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Indigenous Caribbean music streaming platform created for the region


There is a new digital music streaming service in the Caribbean.

But unlike the platforms currently available in the region, this one has been created by a Trinidadian who believes an indigenous platform is what we need.

Joseph and his company DianJen intends to place Caribbean music in front of a regional audience.

“I think we can do a better job of monetising our content. People talk about not getting paid from international streaming services and the bigger artistes do get paid but in terms of monetisation and representation of our people and culture and packaging we really need this indigenous platform,” he told Loop.

The platform launched in beta form this week. It is a website and a progressive web app which means that the app runs from the browser so it creates a short cut from your device to the platform.



So far only 10 artistes with multiple tracks are featured on the platform.

Joseph said they are still in the content acquisition phase which is proving to be a lengthy process as they have to convince artistes to join the platform. Artistes are required to sign a contract which gives CariStream the right to use their music for a period of two years.

In exchange, said Joseph, they will manage the artistes' social media and marketing. He said once the platform takes off they will be able to pay royalties.

Meanwhile, the platform is being monetised through the placement of audio and video ads and Joseph has a studio set up where artistes could live stream their performances and donations could be made through Wipay which is integrated with the site.

CariStream’s service is free for now, as they test user feedback to tweak the platform but eventually a subscription model will be implemented.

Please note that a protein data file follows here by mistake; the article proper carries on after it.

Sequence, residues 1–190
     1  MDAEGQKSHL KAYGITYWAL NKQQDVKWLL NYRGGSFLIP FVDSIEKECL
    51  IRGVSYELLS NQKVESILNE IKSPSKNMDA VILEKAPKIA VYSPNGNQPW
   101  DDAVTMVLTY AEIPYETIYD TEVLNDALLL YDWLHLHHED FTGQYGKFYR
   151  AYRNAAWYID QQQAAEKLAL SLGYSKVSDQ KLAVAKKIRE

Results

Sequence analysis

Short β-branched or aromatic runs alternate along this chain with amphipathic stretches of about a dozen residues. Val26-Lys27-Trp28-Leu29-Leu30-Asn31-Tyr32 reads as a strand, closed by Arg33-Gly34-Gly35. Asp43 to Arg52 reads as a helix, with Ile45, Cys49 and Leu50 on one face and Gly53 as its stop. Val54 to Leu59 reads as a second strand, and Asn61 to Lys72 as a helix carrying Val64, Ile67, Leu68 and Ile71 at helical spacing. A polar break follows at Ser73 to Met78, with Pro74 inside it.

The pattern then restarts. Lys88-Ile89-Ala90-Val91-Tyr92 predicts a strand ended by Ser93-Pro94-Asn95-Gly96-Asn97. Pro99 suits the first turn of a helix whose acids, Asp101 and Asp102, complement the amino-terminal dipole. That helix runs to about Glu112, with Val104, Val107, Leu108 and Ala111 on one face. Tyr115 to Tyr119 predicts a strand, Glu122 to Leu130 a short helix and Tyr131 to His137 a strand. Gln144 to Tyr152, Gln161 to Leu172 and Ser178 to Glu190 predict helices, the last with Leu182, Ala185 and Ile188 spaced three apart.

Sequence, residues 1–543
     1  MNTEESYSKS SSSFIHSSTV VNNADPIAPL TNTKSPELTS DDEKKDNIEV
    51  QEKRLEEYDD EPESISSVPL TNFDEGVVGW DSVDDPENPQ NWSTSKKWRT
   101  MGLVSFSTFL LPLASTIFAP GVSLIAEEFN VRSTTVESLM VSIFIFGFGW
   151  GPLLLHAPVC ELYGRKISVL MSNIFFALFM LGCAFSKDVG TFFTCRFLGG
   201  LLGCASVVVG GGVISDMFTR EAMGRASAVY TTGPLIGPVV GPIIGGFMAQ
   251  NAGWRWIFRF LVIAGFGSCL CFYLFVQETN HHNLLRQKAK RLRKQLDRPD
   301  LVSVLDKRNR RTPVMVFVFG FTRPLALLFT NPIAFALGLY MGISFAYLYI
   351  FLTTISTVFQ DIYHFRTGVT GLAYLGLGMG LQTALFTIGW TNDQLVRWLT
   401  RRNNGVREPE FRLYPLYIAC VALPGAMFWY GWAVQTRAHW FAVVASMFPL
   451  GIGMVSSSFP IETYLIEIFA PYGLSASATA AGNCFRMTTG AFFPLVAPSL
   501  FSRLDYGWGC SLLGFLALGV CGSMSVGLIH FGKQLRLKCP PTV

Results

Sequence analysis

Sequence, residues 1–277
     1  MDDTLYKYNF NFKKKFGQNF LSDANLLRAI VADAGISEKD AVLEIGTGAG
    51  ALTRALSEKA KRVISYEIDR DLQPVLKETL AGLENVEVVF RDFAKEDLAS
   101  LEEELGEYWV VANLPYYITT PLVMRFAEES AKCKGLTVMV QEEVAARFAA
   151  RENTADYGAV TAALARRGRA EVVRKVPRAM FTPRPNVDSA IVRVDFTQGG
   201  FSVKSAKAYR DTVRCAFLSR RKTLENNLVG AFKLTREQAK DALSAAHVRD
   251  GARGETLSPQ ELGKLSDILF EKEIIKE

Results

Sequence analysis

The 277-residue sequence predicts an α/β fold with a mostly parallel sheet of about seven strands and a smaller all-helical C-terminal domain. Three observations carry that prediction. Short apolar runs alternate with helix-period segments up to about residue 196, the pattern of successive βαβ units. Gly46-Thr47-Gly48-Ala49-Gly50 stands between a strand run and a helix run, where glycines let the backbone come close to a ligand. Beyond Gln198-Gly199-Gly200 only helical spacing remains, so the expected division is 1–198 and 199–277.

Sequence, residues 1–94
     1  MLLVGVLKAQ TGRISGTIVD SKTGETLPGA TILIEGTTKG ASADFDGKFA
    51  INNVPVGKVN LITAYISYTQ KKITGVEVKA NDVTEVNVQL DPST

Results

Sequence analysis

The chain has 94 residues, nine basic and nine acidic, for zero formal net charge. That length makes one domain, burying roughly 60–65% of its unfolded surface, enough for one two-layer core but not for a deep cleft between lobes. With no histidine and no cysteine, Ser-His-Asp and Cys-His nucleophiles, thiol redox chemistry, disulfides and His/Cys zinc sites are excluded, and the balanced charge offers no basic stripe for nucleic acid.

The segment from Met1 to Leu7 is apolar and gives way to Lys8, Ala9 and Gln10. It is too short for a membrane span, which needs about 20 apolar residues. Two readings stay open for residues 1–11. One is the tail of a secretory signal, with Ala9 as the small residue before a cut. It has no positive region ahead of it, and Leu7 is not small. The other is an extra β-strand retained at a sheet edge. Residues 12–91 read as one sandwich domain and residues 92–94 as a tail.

Joseph began building the platform around March /April when the country went into lockdown but the idea took root years ago when he went to New York on a national scholarship to do his Masters in Music Business at NYU.

“In UWI, I did an internship with an artist manager and went to a workshop with a music futurist. People were talking about piracy but he was trying to get people to think about the future and digital. When I went to New York I saw that they had already adjusted their business model and streaming music was already happening. I realised this was something that was taking off,” Joseph recalled.

He said on one of his first internships with Live Stream, he was exposed to the streaming business. The department in which he worked was responsible for placing cameras at live events to stream.

“I saw this whole different world happening and the discussion here (in T&T) was still about piracy and airplay. I saw a lot of things in terms of technology and how people were using it. What I saw 10 years ago is now taking off here,” he said.

Joseph also got the opportunity to intern at a start-up called RightsFlow which was later bought by YouTube. That company dealt with the legalities behind the music business such as licensing so he was able to learn more about that aspect of the business.

Though spreading the gospel of digital was challenging when he returned to T&T, Joseph said with COVID-19, people are now interested in learning about digital and he has been fielding calls from many people including calypsonians who want to get their music on digital streaming platforms.

Joseph said his aim is to expand the service across the region and encourage artistes to sign up to be on the platform.

On December 10, Trinidadian entertainer Chris Garcia, who has released a Christmas album, Christmas in My Heart, will hold his first-ever virtual show via CariStream.

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